(click to embiggen)
Nikon D7000 ISO 400eq. f/8 1/250sec, Nikon 50mm 1.8
a hibiscus is blooming outside my church:
. . . so I took a picture of it.
This little guy is currently hanging out in my back yard, keeping the corner safe from the other things DW doesn’t want to see out there.
Still rocking the Nikon D7000, this time with a DIY extension tube and a Canon 50mm lens which was shown being converted to F mount in a previous blog entry here.
I got exactly one chance at this guy. He was out working hard and I was just getting off work. The manual focus/eyeball combination was disagreeing with Nikon’s autofocus indicators in the viewfinder. I went with my eye and it came out okay. I chimped the exposure and looked up, and he was off to the next flower. One shot.
I missed focus to the near side, by a couple of millimeters from a meter-ish away. I love this lens.
As I suppose is fitting for the blog of an archeology enthusiast, I have *very* slowly been reading through the archives of Detritus of Empire. Here I was, with some movie marathon being ignored on the Idiot Box and Darling Wife scrolling down through Facebook posts, reading about this guy’s European vacation, when he knocked my props out.
That right there is a place to make me cry.
DW was LOLing at a picture of a dog in a bathtub while I was over here ordering my tears not to flow. Those are part of the defunct works of either German or French soldiers long dead by now. Dead, in fact, since 1916. Notice how the row of construction sort of stops near the middle of the screen? That was probably collapsed by one of sixty MILLIONS of artillery shells that fell on this ground. An average of 150 per square meter. A half million-ish men injured, a quarter-million-ish dead. Right here in this grassy, flowered clearing in a forest, men were blown to smithereens once upon a time.
I know where it comes from, but I have a special dislike of death in general. But when it comes to the deaths of men-at-arms, there is a special kind of hurt I get inside. I would like to go to Verdun. But I would not like to have any company. I think I might need some extra water bottles, too. Cry enough, and you’ll get dehydrated.
The Enlightened Warriors project has been staging amateur MMA fights in Central Texas, making history as they go. Recently they were the first to use Ring Boys during their fights. This Friday, they were the first to have an all-female panel of fight judges.*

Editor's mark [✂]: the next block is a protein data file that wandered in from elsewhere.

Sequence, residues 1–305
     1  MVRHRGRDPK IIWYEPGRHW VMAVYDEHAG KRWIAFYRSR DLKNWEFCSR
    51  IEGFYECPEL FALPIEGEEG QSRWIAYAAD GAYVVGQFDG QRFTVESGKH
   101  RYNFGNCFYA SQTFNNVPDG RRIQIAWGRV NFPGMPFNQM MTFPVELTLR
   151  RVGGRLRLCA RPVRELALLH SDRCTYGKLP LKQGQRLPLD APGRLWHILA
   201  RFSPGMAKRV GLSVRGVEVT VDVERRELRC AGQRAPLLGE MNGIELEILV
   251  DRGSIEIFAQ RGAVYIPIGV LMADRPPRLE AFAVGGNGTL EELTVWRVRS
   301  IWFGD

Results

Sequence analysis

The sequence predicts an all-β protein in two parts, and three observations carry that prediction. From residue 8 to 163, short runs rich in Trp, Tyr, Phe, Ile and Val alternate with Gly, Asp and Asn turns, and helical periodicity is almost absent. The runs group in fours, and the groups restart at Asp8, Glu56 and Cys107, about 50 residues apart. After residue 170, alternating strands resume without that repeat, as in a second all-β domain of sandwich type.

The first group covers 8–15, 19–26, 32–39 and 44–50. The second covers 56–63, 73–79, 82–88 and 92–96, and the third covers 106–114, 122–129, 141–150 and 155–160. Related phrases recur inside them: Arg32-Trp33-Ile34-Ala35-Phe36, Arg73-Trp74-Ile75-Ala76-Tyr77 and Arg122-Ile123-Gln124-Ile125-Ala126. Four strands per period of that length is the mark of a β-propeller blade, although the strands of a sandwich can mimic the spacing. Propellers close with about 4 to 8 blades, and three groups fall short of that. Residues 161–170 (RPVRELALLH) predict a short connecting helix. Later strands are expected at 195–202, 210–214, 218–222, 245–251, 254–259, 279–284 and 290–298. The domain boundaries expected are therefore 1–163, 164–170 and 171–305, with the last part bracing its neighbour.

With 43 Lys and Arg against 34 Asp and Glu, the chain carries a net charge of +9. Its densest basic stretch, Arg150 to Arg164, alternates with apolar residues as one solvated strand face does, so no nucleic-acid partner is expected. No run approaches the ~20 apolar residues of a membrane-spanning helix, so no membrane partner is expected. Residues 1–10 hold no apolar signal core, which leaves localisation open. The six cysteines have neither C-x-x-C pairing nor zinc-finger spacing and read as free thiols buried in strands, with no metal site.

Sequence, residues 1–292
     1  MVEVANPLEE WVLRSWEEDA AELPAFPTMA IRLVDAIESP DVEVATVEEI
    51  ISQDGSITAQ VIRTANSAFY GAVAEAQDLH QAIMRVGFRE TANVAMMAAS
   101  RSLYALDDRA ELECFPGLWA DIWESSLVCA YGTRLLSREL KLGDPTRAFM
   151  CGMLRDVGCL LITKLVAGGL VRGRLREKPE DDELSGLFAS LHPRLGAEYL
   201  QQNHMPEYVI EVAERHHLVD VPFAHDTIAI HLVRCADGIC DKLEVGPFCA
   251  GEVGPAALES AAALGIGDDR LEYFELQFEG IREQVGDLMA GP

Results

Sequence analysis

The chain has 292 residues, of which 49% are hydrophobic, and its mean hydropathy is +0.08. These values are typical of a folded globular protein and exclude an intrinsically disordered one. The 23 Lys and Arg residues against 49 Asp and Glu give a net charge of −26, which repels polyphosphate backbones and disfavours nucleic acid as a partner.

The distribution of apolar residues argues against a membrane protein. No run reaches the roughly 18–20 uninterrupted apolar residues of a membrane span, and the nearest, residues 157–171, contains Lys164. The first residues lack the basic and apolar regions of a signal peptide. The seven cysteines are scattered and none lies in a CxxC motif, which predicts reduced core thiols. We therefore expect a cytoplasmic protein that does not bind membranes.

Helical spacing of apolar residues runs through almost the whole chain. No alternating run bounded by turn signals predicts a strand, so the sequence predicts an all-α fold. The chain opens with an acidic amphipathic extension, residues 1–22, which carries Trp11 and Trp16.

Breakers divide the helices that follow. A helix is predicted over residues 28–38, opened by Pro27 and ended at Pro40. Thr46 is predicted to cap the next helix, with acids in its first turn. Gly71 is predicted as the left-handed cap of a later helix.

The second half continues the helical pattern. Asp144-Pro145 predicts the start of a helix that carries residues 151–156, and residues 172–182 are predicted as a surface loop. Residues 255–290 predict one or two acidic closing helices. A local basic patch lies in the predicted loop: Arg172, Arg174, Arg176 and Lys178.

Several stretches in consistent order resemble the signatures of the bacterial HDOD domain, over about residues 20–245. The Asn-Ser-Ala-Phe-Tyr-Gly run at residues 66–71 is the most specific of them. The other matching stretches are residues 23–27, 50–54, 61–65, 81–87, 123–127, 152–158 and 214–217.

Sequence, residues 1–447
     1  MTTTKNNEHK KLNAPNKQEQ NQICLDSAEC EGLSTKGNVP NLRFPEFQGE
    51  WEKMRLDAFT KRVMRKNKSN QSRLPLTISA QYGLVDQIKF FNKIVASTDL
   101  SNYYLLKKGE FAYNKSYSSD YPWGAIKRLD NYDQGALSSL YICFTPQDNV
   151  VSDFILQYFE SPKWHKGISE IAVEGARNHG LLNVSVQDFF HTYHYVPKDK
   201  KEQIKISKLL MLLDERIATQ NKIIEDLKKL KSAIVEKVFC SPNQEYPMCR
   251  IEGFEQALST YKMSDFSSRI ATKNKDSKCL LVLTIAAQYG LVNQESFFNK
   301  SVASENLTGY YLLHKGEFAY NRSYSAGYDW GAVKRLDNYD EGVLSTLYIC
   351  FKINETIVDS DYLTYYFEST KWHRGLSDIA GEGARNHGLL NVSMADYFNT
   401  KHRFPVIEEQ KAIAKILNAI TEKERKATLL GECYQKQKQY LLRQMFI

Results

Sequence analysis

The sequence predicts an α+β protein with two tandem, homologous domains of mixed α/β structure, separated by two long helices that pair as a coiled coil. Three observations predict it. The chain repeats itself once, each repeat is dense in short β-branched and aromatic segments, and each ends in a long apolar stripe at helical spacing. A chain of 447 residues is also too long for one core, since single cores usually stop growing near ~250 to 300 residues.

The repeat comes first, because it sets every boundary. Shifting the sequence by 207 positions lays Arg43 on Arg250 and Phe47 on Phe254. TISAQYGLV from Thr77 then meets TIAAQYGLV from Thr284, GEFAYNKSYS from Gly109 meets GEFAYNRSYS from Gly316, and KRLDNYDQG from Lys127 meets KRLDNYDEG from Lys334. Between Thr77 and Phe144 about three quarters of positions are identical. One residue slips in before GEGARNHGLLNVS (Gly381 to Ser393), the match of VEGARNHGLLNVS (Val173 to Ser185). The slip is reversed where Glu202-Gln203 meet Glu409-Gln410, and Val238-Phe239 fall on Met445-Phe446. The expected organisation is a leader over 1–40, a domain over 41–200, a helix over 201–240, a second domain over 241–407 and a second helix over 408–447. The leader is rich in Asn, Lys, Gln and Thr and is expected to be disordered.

History looks like . . . regular people?
I’ve been around a few history-making ‘firsts’ in my time and there is a common thread through all of them so far: the people involved were . . . just folks. These three ladies didn’t make a big fuss. Nael Chavez announced them, but only once. And if you talk to them, they don’t have big heads, they’re just regular people. Making history one day at a time.
You’re a regular people, too, aren’t you? Can you make a difference for good in the world?
*Okay, to be precise – Combative Sports Ringside Officials, licensed by the Texas Department of Licensing and Regulation
. . . but this one was staring at me funny, so I had to shoot it!
Click through to photobucket, where you can download it at 1680×1050 resolution – which by amazing coincidence happens to match the screen on my desktop!
For the geeks: Nikon D7000 ISO 100 AWB 1/500 Nikkor 18-70@56mm f/5.6 Aperture priority.
This was much more impressive, and creepy, in person. “Across the intersection” visibility is no way to drive around. At least the picture came out. Then the sun as well.
It’s nice to live in these days. Not only do we have magic cameras to take pictures in the dark, we know that fog and mist are just extra-low bits of cloud and such, vs. a hideout for demons and wolves waiting to gobble us up!
The photo: it’s nothing much, but I’m proud of it. It took a couple of minutes adjusting the camera to get this one. I consider this to be another example of the difference between Photographs and snapshots, and I am quite confident in saying you will *never* get a result like this from any sort of an automatic camera setting.
The lighting is pretty much true to the life. The dots all over the frame are rain on the windshield of the car from which this picture was taken. As I look at this a month or so after it was taken, it occurs to me this could easily have been shot somewhere in southeast Asia. Have a closer look at the bottom-right of the picture. Texas!
I like to think this is worth going to Photobucket and downloading the higher-resolution version. If you don’t, you will probably not understand why I like this image so much.
D7000 ISO 1600 1/8 second Nikkor 50mm 1.8D f/22 The bokeh is characteristic of the lens, and it is not great but oh well.